it exists also in the kernels of peaches, of VEGETABLE aciils, in chemistry. The plums, and cherries. It is obtained from acids which exist in many vegetables are

the kernels of apricots, by distilling waat once recognised by their taste. These ter off them with a moderate heat; and if acids were formerly denominated essen

lime be added to the concentrated infusion tial salts of vegetables, and it was sup

of bitter almonds, a prussiate of lime is posed that all essential salts were the formed. Phosphoric acid has been found sane, and were composed of tartar, or in different parts of plants; but it is genevinegar. But Scheele's discovery of the rally combined with lime, forming a phos. citric, malic, and gallic acids, which, pos. phate of lime. sessing distinct properties from those of VEIN, in anatomy, a vessel which tartarıc and acetic acids, proved the con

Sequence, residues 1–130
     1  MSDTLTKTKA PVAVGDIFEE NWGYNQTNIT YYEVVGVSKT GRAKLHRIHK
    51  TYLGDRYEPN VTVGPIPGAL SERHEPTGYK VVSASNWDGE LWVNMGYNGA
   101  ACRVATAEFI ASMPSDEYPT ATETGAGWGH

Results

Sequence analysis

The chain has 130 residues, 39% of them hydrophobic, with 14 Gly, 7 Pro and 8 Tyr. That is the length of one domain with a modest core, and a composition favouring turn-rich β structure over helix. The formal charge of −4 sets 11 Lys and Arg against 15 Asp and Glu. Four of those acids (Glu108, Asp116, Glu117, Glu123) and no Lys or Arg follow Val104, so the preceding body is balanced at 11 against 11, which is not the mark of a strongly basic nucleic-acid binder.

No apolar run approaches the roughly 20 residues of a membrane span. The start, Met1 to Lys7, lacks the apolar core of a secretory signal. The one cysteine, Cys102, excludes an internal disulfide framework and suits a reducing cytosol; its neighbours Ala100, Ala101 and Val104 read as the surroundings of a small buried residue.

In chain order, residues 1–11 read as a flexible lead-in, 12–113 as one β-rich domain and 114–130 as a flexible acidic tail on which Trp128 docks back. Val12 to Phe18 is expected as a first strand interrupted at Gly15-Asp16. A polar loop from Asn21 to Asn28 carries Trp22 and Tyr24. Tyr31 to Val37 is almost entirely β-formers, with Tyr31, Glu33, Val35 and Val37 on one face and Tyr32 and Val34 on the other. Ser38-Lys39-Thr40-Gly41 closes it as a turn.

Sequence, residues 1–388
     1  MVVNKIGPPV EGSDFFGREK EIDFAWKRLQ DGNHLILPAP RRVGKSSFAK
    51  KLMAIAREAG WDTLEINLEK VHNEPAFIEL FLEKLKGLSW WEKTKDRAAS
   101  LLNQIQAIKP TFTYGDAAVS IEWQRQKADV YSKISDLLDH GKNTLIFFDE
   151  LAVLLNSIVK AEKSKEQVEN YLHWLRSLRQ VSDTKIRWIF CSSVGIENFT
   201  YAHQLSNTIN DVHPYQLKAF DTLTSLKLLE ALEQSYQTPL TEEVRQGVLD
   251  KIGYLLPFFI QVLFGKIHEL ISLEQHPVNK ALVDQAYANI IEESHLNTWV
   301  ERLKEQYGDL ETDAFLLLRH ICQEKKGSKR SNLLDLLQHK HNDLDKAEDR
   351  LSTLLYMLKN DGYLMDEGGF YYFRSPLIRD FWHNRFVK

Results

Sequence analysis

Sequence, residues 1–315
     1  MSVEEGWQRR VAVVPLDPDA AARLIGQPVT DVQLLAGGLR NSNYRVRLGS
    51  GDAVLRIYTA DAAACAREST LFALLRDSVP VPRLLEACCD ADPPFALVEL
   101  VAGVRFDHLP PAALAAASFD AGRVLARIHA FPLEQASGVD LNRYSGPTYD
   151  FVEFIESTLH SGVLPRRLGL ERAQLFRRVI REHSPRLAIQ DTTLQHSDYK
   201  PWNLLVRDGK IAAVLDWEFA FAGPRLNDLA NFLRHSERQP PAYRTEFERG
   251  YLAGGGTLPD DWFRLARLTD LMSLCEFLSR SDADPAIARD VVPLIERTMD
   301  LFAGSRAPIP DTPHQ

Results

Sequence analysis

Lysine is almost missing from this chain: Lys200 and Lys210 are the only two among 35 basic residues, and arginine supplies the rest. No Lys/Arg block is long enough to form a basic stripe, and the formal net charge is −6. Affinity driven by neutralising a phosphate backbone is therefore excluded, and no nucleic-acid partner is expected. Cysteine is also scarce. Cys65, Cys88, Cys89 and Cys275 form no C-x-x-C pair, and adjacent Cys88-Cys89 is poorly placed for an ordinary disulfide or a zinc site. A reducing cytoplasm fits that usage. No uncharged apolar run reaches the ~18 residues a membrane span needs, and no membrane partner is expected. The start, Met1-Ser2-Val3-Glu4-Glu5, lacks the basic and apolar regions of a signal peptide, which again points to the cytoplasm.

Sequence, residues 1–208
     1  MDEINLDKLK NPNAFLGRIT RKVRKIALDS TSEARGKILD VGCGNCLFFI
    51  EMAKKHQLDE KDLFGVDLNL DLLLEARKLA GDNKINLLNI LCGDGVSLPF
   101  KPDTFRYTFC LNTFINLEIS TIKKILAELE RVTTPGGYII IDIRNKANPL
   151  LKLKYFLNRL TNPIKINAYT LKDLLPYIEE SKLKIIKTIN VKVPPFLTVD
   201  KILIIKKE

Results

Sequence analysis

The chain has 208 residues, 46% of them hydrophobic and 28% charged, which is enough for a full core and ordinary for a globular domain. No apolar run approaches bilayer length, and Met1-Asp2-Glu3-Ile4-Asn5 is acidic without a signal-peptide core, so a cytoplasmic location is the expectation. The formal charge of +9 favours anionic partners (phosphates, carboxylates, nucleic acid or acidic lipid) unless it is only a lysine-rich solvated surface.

carries the blood from the several parts trary. Some vegetables contain only one of the body to the heart. The veins are acid, as oranges, and lemons, which con. composed principally of a membranace. tain citric acid only. In other vegetables ous, a vasculous and a musculous tunic; two acids are found, as in gooseberries and but these are vastly thinner than in the currants, the malic and citric acids; and arteries. See ARTERY. sometimes three, as the tartaric, citric, VELESIA, in botany, so named from and malic acids, which exist together in Christoval Velesius, examiner, first phythe pulp of the tamarind. As the acids sician, and demonstrator of botany, in the which exist in vegetables have been al- College of Apothecaries at Madrid, a ge. ready described, under their respective nus of the Pentandria Digynia class and heads, it is now only necessary to enume- order. Natural order of Caryophyllei. rate the vegetable acids, specifying at Caryophyllez, Jussieu. Essential charac. the same time some of the plants from ter; calyx filiform, five-toothed; corolla which they are obtained.